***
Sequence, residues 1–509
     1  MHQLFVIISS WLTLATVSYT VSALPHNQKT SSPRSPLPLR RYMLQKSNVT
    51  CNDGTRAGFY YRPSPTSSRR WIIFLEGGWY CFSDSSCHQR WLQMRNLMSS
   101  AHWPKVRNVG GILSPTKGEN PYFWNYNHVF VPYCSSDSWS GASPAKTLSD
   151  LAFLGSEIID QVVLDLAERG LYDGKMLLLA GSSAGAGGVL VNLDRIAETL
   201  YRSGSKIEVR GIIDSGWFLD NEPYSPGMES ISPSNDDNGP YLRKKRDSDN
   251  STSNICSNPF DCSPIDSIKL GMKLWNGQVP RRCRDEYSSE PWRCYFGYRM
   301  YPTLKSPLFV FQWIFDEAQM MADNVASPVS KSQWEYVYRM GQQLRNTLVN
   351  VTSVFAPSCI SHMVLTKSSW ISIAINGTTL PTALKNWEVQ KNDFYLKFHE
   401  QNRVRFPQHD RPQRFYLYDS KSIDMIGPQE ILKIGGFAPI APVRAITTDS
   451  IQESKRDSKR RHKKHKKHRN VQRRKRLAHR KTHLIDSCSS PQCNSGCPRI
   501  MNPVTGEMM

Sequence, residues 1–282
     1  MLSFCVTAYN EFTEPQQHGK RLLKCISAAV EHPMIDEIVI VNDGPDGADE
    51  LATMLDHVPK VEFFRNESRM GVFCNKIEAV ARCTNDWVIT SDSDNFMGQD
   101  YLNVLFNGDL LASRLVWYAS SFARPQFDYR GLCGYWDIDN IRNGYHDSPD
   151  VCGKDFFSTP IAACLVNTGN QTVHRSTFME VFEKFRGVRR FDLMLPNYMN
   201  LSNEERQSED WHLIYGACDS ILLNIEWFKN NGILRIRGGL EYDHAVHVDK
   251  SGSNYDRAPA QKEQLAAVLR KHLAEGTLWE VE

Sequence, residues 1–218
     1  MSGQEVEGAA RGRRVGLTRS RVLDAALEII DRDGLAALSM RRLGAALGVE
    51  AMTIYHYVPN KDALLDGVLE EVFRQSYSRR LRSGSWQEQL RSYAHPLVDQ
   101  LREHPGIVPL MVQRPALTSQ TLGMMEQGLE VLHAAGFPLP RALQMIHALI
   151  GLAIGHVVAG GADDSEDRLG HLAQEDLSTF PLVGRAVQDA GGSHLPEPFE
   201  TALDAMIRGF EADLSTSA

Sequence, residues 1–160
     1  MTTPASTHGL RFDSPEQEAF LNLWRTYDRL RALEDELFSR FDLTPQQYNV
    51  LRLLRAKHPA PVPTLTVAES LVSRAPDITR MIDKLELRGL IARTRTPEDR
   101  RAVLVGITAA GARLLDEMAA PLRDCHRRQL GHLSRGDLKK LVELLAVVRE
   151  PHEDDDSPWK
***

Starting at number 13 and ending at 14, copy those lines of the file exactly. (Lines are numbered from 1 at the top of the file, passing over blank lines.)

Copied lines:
Sequence, residues 1–282
     1  MLSFCVTAYN EFTEPQQHGK RLLKCISAAV EHPMIDEIVI VNDGPDGADE